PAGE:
A Rolls-Royce in the Family

The Atlantic Lady, Rolls-Royce Owners’ Club, Fall 2017

Sometimes an unexpected new acquaintance sneaks into our lives and captures our hearts. Pamela looked askance at the large bright blue car that her husband Landis steered up the driveway in 1950. “The kids and I were sitting at the front entry when he pulled up in what he explained was his ‘new car.’ He replied to my query about where he would put it with ‘I will build a garage.’ Meanwhile I had been saving money for a fancy party dress for one of our daughters.”

For Landis, it was love at first sight of the 1927 Rolls-Royce Springfield Phantom I Playboy Roadster. Instantly enamored with the stately beauty he saw winding the roads of New Canaan, Conn., Landis followed the driver to neighboring Wilton, offered him $1,000 and drove the car home. How he later retrieved his other car remains a mystery.

“The Mistress,” as nicknamed by Pamela, chauffeured Landis on client calls. The Roadster has become a family member, fittingly cared for and nurtured while housed in the two-car garage promised and designed by the renowned architect-owner. Landis continued to enjoy the car, taking the family on Sunday ice cream runs, which drew stares that young daughter Ainslie recalls as “disconcerting and wonderful.” At one point, Pamela hid the much-loved Rolls from extended family who were pressuring them to sell the car.

In 1990, Landis engaged Automotive Restorations Inc., Stratford, Conn., to restore the car’s body, interior and top and remedy mechanical issues. Frank Cooke of The Vintage Garage, North Brookfield, Mass., along with his right-hand man Norm Gaudette were also involved to good effect.

Landis called upon Cooke to remedy the car’s “guacamole gears” in a July 1990 letter: “I have always felt frustrated by the limited high speed available with my S106PM, like so many other cars but especially Rollses of its period where apparently chauffeurs and especially owner-drivers found the non-synchromesh gearshift so cumbersome as to call for a low enough set of ratios to permit starting out in second and indeed in high gear. Though I stayed away from these extreme tests I found hill-climbing around sharp turns without downshifting from high gear almost improperly easy, while on level runs any speed above the middle forties seemed to bring the motor to painfully high rpms.”

In Landis’ correspondence to Cooke, he cited the May-June 1990 The Flying Lady article “Giving the Gears to the Guacamole Ghost” by John Harris who resolved the same issue through “the successful alternation of the rear axle gear ratio on one of his Rolls-Royces.” Cooke responded, assuring Landis that “we are very familiar with the changing of the gear ratio differential on your car and can do it for you” with “gears about $1,800.00 from England.”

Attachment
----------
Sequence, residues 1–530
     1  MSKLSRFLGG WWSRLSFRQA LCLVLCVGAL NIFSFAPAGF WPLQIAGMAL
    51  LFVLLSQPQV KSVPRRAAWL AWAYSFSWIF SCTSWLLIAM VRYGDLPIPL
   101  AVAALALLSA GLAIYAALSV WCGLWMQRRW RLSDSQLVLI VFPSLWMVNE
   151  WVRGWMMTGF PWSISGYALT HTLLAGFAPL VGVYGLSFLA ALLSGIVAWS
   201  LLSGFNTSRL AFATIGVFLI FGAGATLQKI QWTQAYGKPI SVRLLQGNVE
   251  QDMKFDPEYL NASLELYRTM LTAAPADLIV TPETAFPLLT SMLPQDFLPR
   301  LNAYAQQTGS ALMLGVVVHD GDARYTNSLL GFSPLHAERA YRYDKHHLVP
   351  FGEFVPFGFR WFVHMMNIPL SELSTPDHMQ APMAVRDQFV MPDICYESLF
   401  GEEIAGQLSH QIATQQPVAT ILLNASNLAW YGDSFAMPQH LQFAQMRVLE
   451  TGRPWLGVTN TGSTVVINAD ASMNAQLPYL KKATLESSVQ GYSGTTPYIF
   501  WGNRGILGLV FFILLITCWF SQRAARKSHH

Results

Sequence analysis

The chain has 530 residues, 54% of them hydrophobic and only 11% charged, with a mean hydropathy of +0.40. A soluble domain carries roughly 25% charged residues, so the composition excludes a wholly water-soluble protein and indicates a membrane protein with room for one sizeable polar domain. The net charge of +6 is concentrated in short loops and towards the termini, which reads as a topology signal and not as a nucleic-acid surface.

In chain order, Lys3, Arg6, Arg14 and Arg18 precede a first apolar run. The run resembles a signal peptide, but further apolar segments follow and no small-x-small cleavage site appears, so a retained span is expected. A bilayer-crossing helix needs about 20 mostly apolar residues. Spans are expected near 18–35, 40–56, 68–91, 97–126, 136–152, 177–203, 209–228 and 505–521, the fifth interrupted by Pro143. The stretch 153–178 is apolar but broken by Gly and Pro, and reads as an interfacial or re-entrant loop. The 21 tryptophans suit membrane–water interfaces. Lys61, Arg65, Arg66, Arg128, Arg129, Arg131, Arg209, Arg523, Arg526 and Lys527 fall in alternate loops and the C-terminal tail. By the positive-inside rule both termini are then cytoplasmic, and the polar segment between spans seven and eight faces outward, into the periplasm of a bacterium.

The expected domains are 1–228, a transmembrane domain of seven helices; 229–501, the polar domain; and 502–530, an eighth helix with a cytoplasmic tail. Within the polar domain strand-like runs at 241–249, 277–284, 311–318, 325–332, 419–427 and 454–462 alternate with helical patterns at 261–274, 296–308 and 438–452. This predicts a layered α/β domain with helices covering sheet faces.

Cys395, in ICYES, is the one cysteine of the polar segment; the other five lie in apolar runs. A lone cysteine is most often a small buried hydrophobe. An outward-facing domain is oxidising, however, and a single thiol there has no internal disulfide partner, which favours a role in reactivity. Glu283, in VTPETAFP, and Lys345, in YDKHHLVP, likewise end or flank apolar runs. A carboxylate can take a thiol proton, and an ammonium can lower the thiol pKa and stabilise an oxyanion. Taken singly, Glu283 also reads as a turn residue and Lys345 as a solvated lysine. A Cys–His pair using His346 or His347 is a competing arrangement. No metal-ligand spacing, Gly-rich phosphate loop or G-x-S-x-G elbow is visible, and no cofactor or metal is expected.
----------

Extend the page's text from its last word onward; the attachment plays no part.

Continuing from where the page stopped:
Grandson Gabe adopted the car as his childhood “babysitter,” whiling away hours in the car’s luxurious interior. His continued love of the car prompted Pamela to keep it after Landis’ passing in 1991. Gabe kept apprised of the restoration’s progress through its completion in 1992, and with Pamela tends to its ongoing maintenance and care. She drove it to a December 1992 RROC holiday party with The Atlantic Lady reporting that she was “happy that her automobile made the trip uneventfully and that her red-cheeked rumble seat passenger…survived the cold ride as well.”

1927 Rolls-Royce Springfield Phantom I Playboy Roadster No S106PM was built on a chassis manufactured at the Company’s Springfield, Mass., factory. The car sat unsold as did many other costly luxury machines after the crash of 1929. It was rebodied in the early 1930s in elegant Playboy Roadster form by Brewster & Company coachworks of Long Island City, NY. Attractively decked out in sporting style, the car soon sold and has enjoyed quite a life since.

Photo courtesy Lime Rock Park

Handsome and elegant, this well-cared-for car has garnered numerous awards at Rolls-Royce Owners’ Club Annual Meets and Atlantic Region Concours, including National Award Winner as well as First in Class and Chief Judge’s Award, respectively. Outings at the Lime Rock Park Historic Festival Sunday in the Park Concours d’Elegance have earned both Best in Class and Skip’s Sunday Best. Most recently, the car clinched the Award for Timeless Elegance at the 2017 Greenwich Concours d’Elegance Americana, sitting among its family on the show field; this was the fourth time the car was an invited entrant since the 1996 inaugural show.

A current typical summer afternoon finds the three—Pamela and Gabe with the Playboy Roadster—at lunch seated within sight of each other. A new generation embraces “The Mistress” with 10-year-old great-grandson William enjoying weekend “get-about” drives.